The practice of creating and using controlled diffraction conditions is illustrated and explained in Figure 1b-d. Figure 1b shows the ECCI of a mechanical twin of 50 nm thickness in a tensile deformed Fe-22Mn-0.6C TWIP steel. Diffraction patterns of the crystal matrix and the twin are simulated by a software  from the corresponding EBSD map. Diffractions conditions are selected for twin imaging into optimal contrast. This is achieved when one of the two crystals (matrix or twin) is oriented exactly in Bragg condition for a high intensity reflection and the other crystal is in out of Bragg orientation. In the first case electrons are more effectively channeled into the lattice and the backscattering yield is low appearing the crystal dark, whereas in the second case the backscattering yield is enhanced and the crystal is bright. In this example, diffraction conditions are selected for imaging the matrix bright (simulated diffraction pattern in Figure 1c) and the twin dark using a high-intensity reflection of 111-type (simulated diffraction pattern in Figure 1d). The rotation and tilt angles indicated by the software, 83° and 16°, respectively, are subsequently transferred to the microscope for contrast-optimized ECCI, Figure 1b.
For further optimization of the electron channeling contrast, in particular for dislocation structures, the influence of the accelerating voltage was studied. ECCI of dislocation arrangements in a deformed Fe-22Mn-0.6C TWIP steel were obtained using the set-up described above at different acceleration voltages between 7.5 kV and 30 kV corresponding to the sensitivity of the backscatter detector. Figure 2 shows an example of the significant influence of the accelerating voltage on the electron channeling contrast of dislocations. In this figure ECCI of dislocation arrangements in the exact same area at 20 kV (Fig. 2a) and 10 kV (Fig. 2b) are shown. 20 kV corresponds to the most common operation condition used in previous works on ECCI of dislocations [9-14] and 10 kV corresponds to the accelerating voltage where optimum contrast is obtained in the present case. It can be seen that the electron channeling contrast of dislocations is much sharper at 10 kV, where details in the dislocation arrangements and single dislocations are clearly resolved. There are two reasons for the improved contrast with decreasing acceleration voltage. First, with decreasing voltage the cross section for phonon scattering – which is responsible for the backscattering yield – is increased. As a consequence the bright parts in the image, i.e. dislocations, appear brighter while the dark parts keep their low intensity. A second reason for the improved contrast is the reduced interaction volume. In a smaller volume the lattice strain shows smaller variations, thus diffraction conditions and contrast are better defined. It is, therefore, favorable for optimal ECCI to operate at accelerating voltages below the commonly used value of 20 kV as this operation condition provides a much sharper electron channeling contrast of dislocation arrangements.
Figure 3a shows ECCI of dislocation cells of around 1 mm average diameter in a tensile deformed Fe-22Mn-0.6C TWIP steel (0.2 strain). This is the first observation of dislocation cells in TWIP steels deformed at room temperature. Additionally, we demonstrate that this result can be obtained by SEM without the usual time-consuming TEM technique. The observation of dislocation cells in this material is not surprising as such cells have also been observed in materials with similar stacking fault energy, such as in stainless steel 316L . However, it is an important finding for understanding strain hardening mechanisms in this material as will be discussed below. In order to confirm the dislocation structures observed by ECCI, a sample was first observed by ECCI under controlled diffraction conditions and the same area was cut out using focused ion beam (FIB), and prepared for TEM observations. Dislocation cells observed in the same area by ECCI in SEM and TEM in bright field are shown in Figures 3a and Fig. 3b, respectively. These figures demonstrate that both microscopy techniques reveal exactly the same structure, i.e. dislocation cells of around 1 mm average diameter. The ECCI technique also provides highly detailed images of the dislocation cell structure with the walls of cells clearly resolved and even single dislocations inside the cells are distinguished. The TEM image reveals that dislocation walls are formed by very few dislocations, confirming the capacity of the ECCI technique for resolving dislocation structures of very low misorientation with respect to the matrix.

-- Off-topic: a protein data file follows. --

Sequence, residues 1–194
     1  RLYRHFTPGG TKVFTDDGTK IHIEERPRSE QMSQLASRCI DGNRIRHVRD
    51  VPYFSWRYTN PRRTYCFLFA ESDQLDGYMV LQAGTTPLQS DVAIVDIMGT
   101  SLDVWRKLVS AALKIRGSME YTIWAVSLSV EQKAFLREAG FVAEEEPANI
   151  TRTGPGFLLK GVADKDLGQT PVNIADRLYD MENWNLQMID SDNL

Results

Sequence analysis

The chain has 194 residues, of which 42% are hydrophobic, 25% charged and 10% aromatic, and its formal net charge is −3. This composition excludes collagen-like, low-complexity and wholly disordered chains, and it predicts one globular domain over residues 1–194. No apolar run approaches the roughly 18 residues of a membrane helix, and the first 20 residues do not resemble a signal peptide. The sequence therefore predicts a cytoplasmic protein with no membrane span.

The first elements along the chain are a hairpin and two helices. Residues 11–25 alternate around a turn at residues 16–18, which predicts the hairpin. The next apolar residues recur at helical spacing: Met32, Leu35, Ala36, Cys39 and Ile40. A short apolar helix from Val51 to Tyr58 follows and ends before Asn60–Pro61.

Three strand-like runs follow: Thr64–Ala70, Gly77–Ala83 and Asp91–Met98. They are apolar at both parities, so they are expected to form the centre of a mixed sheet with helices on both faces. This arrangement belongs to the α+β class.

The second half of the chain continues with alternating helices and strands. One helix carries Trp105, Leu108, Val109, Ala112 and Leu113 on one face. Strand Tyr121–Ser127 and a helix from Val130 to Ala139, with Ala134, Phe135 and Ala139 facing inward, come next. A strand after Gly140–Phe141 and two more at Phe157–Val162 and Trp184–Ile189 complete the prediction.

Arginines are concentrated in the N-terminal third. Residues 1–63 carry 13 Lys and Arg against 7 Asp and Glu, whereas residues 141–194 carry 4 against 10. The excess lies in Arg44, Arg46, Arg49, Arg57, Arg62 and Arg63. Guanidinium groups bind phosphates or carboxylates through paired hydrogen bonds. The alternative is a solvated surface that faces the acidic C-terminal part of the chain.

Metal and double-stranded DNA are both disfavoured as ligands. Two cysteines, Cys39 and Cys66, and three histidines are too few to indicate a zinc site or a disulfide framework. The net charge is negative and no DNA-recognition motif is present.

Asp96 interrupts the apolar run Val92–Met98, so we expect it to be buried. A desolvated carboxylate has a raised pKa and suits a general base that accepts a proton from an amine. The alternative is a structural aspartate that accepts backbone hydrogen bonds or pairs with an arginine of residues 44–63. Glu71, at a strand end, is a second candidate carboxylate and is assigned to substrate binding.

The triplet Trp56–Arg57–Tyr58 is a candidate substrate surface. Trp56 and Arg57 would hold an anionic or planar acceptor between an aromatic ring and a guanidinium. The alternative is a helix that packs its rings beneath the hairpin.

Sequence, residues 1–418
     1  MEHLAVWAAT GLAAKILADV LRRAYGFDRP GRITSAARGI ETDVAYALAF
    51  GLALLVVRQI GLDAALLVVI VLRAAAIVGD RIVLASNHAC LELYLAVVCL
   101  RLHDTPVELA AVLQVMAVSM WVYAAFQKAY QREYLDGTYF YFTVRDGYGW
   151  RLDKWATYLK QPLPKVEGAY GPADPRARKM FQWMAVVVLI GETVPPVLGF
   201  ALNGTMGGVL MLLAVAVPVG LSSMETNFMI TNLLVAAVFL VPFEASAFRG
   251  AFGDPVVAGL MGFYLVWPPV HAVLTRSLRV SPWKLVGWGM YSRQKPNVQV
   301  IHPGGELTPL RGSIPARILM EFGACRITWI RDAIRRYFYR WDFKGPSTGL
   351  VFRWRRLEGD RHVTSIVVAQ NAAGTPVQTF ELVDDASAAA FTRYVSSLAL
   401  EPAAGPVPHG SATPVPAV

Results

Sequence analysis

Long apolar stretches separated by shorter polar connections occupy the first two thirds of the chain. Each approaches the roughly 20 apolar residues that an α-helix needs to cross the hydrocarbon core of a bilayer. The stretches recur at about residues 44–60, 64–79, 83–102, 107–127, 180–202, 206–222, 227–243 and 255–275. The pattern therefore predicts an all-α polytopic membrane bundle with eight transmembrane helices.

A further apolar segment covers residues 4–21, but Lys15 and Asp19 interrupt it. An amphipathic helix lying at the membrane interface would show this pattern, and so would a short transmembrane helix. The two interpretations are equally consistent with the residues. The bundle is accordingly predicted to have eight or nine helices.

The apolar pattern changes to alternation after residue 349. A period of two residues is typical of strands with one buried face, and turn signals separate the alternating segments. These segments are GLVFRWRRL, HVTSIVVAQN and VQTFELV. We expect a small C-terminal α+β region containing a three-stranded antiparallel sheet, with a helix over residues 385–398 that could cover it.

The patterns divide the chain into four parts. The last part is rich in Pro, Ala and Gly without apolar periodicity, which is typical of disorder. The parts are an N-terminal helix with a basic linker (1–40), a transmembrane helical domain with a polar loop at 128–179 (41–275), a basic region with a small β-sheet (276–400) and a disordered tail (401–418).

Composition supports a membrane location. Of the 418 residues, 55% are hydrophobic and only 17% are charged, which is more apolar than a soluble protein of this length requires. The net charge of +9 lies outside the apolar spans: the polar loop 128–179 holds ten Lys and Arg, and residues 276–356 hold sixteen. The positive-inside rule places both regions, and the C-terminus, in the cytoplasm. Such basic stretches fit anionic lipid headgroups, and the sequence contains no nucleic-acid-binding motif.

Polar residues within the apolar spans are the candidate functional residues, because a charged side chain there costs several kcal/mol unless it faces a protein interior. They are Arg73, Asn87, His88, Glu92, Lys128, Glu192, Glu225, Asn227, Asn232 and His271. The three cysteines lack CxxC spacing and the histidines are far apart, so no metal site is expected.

Figure 4 shows ECCI of mechanical twins and dislocation cells under controlled diffraction conditions at low and high magnification. Figure 4b shows that extremely thin mechanical twins of 30 nm thickness can be clearly imaged by ECCI. Due to the sharp dislocation and interface contrast obtained by ECCI the interaction between mechanical twin boundaries and dislocation cells can be studied. Mechanical twins are seen to pass through dislocation cells leading to the formation of new refined structures consisting of dislocation walls and mechanical twins. As the strain hardening is controlled by the dislocation mean free path , the size of these structures must also be considered. Thus, the dislocation mean free path is not only determined by the twin spacing, as is commonly considered [1, 4, 5], but also by the size of dislocation cells and the structures formed after the interaction of mechanical twins with the dislocation cells. The dislocation mean free path will be determined by different structural lengths depending on the strain level and the volume fraction of mechanical twins.
Figures 3a and 4 confirm that the ECCI technique is a powerful technique for characterizing deformed TWIP steels containing dislocation cells and mechanical twins by SEM. This is a significant advance in microstructural characterization of deformed materials where these structures are typically observed by TEM [1, 4, 22]. As ECCI is a SEM technique it has the advantage over TEM that much larger areas can be observed, as shown in Figure 4a, and therefore, quantitative microstructural characterization can be carried out which is essential for understanding plasticity related phenomena such as strain hardening. Also, SEM samples are easier to prepare than TEM samples.
Dislocation cell structures and mechanical twins of 30 nm thickness have been imaged by ECCI in a tensile deformed Fe-22Mn-0.6C TWIP steel using a novel SEM-EBSD based set-up. The observations provide new insights into strain hardening of TWIP steels and introduce the SEM-based ECCI technique as a powerful tool for characterizing highly deformed metals. The new set-up that we propose here provides an efficient and fast operation mode to perform ECCI under controlled diffraction conditions in conventional FEG-SEM equipped with an EBSD system.
The authors would like to acknowledge the financial support by the German Research Foundation in the framework of the SFB 761 “steel ab initio”.
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Figure 1: Schematic illustration of set-up for ECCI in SEM under controlled diffraction conditions (a). ECCI of mechanical twin under controlled diffraction conditions with the matrix bright and the twin dark (b). Simulated diffraction patterns of the crystal matrix (c) and twin (d).
Figure 2: ECCI in SEM of dislocation arrangements in a tensile deformed Fe-22Mn-0.6C TWIP steel at two different accelerating voltages of 20 kV (a) and 10 kV (b).
Figure 3: Dislocation cells in a tensile deformed Fe-22Mn-0.6C TWIP steel observed by ECCI in SEM (a) and by TEM in bright-field (b) at the same area.